Europe and Russia. Red telephone?
Call For Papers
Robert Schuman Monograph
Deadline: 9 January 2019
Brexit was the first toxic result of a euro-skeptical atmosphere that has taken special hold over almost all the entire eastern zone of the Union, reaching even Italy, one of its founding countries. From Warsaw to Athens, in an area including Prague, Budapest, and Vienna, the populist and illiberal wave is getting closer to the French-German bastion of eurozone support, the western part of the Union that continues to unfurl the blue flag and support the compromises necessary for unity and solidarity among European countries.
One of the main protagonists in this new scenario is Russia: its expansionist, destabilizing imperatives are gaining influence in the politics of the Union. The annexation of Crimea, the support for anti-democratic regimes in Syria and Iran, the propagandistic use of media and new technologies, and its stranglehold over energy sources, are only a few examples of how the pieces held by the Kremlin are important for assembling the European puzzle.
It would nevertheless be reductive to talk about opposed blocs: as a result of Trump’s America First policies, the number of European countries turning their eyes toward Moscow is growing: during recent months many European heads of state have entered into negotiations with Putin concerning many important subjects that will determine the future of the Union. Their intention is to prevent Europe from being trapped again between the United States and Russia, and delving into the role of the Kremlin in the future of the European Union is therefore extremely important in order to understand the new rules of the game.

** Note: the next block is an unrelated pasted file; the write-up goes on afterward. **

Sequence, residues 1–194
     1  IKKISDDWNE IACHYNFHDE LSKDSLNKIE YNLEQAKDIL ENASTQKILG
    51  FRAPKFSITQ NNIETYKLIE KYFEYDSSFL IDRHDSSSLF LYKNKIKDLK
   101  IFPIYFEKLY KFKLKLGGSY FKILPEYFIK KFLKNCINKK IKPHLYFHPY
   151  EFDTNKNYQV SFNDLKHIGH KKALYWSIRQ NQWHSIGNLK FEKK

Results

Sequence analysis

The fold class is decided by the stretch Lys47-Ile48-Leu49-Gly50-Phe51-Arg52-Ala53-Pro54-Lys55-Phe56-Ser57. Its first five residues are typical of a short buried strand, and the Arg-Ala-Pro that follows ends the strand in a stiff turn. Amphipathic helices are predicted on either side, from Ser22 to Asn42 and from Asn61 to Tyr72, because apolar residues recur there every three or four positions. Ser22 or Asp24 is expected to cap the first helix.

What is the nature of the winds blowing from the East? How will it be possible to avoid a breakup between Eastern and Western Europe? What are the cultural models inspiring Russian politics and how might they fit with our Enlightenment tradition? What is the relationship between the new European populism and Putin’s political Pan-Slavism? How can Europe export and defend its democratic values in conflict zones like Syria or Crimea where Russia is leading the way? Which economic politics is the Kremlin exporting to the EU and how do they fit with the already-accomplished European compromises?
These are some of the questions about Europe’s problematic future discussed in Robert Schuman’s 2019 monograph titled “Europe and Russia: Red Telephone?”.
(Associate professor of Russian Language and Literature at Cattolica University of Milan)
Nicolas de Pedro
(Research Fellow at CIDOB about Russia, Eurasia and India)
Pilar Requena del Río
(Reporter and professor of International Relations at Complutense University of Madrid)
(Reporter and News Correspondent for El País in Moscow)